As 2004 came to an end, one couldn't help but wonder whether adhesive and sealant manufacturers let out a sigh of relief and collectively expressed their "good riddance" to one of the most challenging years in recent history. While top-line growth confirmed our economic recovery, the bottom line crumbled under the pressure of rapidly escalating raw materials. Will 2005 offer hope and prosperity?

Raw Materials

The most immediate challenge to adhesive and sealant manufacturers in 2005 is curtailing a wave of raw material increases. Manufacturers face double jeopardy stemming from industrial chemical prices reaching record levels due to the partial pass-through of higher oil and natural gas prices. Natural gas prices are likely to remain well above historical levels, which will keep industrial chemical prices from falling sharply when oil prices recede.


Growth is expected to slow going into 2005 as high energy prices pull down consumer spending by eating into discretionary expenditures. While prices of commodity and intermediate materials have risen sharply, prices of finished goods have moved up relatively little, thus leading to a high degree of uncertainty about higher inflation in the pipeline due to such disparity.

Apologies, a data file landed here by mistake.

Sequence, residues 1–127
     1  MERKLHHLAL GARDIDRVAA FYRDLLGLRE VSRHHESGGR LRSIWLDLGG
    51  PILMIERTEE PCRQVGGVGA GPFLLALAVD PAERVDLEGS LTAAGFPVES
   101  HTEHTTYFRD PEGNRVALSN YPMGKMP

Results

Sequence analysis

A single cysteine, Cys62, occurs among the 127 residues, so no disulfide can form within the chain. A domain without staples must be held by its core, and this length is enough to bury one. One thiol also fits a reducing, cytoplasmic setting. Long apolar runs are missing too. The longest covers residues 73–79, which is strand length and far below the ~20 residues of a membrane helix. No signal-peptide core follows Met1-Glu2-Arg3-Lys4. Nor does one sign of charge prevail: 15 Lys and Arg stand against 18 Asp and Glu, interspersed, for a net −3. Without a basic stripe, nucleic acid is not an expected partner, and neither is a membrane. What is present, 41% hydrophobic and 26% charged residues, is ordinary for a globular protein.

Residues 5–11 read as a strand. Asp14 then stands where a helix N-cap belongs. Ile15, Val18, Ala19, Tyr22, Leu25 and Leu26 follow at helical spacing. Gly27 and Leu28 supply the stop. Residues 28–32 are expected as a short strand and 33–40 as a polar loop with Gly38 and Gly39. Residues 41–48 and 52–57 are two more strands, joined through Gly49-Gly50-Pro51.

Capacity utilization in manufacturing is on the rise from 20-year lows - at approximately 75% - but is well below the pre-recession levels of mid-80 percentiles. Manufacturing production is somewhat sluggish and is expected to remain weak for the next several months. If oil prices continue their decline, stronger growth should resume in late 2005.

The China factor plays an important role for manufacturing. China is a heavy influence on commodity pricing as the country continues its rise in the ranks of global economic powers. China's production growth continues at a double-digit clip despite its government's efforts to slow down the economy. Growth in China is so strong that China has joined the United States as a locomotive for global growth. China has grown to become one of the world's largest consumers of many commodities; though contributing nearly 5% to global industrial production, China consumes over 20% of world materials for infrastructure expenditure and manufacturing growth.

Seven major sectors define the $14 billion U.S. adhesives and sealants industry: construction, packaging, transportation, rigid and non-rigid bonding, consumer, and tapes. The top three sectors represented by construction, packaging and transportation drive the industry with a combined 73% share of market.